R V Bannister – Of what relevance is this case to the emergency services?

October 15, 2009

Forgive us if our interpretation of this case is incorrect, but the law now appears to suggest that in relation to the offence of dangerous driving the experience and qualifications of the driver are irrelevant and the jury will never know of these facts.

Picture this. A young in service probationer is in a vehicle, and is going to their first intruder on premises during the early hours where there was good intelligence that the offence was real and it was say, 0300 hours. All of a sudden the officer is reaching speeds around 60 through a 40 carefully, where the road is clear but they hit some water causing the car to overturn, and hit a tree.

Dangerous driving? There are no injuries to anyone else but the vehicle is written off. It is irrelevant to the offence of dangerous driving as to the officer’s experience or LACK OF IT. They could be found guilty of dangerous driving. Oo-er. THIS COULD ALSO HAPPEN TO AN EXPERIENCED BOBBY.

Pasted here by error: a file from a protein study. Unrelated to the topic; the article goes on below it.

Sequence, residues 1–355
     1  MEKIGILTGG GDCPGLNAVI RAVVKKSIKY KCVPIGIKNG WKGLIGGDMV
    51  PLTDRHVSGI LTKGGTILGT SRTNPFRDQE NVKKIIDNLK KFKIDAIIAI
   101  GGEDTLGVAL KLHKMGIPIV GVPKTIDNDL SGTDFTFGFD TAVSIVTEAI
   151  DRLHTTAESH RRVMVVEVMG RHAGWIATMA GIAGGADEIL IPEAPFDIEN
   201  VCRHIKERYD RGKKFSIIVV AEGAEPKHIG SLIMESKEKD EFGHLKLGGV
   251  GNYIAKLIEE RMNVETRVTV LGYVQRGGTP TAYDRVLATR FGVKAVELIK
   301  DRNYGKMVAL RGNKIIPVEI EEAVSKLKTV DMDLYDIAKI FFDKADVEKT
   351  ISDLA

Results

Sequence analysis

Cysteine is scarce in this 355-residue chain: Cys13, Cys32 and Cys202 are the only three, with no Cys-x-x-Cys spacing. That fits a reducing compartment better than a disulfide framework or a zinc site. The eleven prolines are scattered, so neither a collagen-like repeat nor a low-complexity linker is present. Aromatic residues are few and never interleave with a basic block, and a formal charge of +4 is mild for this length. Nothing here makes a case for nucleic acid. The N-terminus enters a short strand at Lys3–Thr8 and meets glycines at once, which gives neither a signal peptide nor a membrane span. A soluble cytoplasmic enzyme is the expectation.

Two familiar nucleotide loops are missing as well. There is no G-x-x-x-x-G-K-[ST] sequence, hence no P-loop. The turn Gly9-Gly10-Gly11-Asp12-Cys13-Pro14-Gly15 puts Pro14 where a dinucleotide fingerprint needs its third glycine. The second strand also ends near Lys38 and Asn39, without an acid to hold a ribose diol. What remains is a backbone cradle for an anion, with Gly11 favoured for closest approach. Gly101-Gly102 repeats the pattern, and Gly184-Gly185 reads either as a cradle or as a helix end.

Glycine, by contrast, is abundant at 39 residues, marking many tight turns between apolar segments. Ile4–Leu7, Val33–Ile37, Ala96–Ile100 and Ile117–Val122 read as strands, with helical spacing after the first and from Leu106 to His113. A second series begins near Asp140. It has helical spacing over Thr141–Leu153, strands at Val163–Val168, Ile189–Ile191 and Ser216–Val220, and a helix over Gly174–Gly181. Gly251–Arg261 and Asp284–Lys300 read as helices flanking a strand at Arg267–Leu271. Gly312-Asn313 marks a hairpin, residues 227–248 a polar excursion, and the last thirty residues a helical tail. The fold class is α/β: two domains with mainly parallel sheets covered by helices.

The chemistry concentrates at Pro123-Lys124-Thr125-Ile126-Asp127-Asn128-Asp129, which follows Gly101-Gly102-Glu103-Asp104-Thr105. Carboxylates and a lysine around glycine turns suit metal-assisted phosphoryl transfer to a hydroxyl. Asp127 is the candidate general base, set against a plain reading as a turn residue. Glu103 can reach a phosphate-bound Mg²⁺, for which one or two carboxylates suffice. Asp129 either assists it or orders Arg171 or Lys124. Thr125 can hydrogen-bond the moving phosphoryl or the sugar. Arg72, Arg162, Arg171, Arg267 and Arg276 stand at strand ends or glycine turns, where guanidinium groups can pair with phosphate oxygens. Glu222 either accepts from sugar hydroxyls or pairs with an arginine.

Now, let’s say the offenders had been detained and the officer was de-assigned, and chose to still make their way, and crashed exactly as in the scenario given; this may give cause for more a push towards dangerous driving. One officer has already been sent down. What next?

The Law Lords are indeed asses.


  1. So, police officers are paid to police, and that means attending jobs where someone’s life could be at risk, “the prevention of crime and protection of life is a core role,” now we just have to worry about whether, when we get there, someone will have us for dangerous driving.

  2. Personally, I think the Lords got it right.

    You have a vehicle travelling like a meteor down the pike in pouring rain, for a mere property offence?

    It would be a different story if someone was being assaulted, or some similar circumstance, but the risks involved just do not compute for this type of offence.

    quod erat demonstrandum

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